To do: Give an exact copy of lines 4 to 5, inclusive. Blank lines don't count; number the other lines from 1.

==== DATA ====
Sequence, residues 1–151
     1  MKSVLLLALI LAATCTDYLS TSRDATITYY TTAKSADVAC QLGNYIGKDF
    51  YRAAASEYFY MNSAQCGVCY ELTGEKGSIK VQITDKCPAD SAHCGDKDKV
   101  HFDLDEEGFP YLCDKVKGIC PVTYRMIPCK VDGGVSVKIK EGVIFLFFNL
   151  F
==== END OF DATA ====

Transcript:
   101  HFDLDEEGFP YLCDKVKGIC PVTYRMIPCK VDGGVSVKIK EGVIFLFFNL
   151  F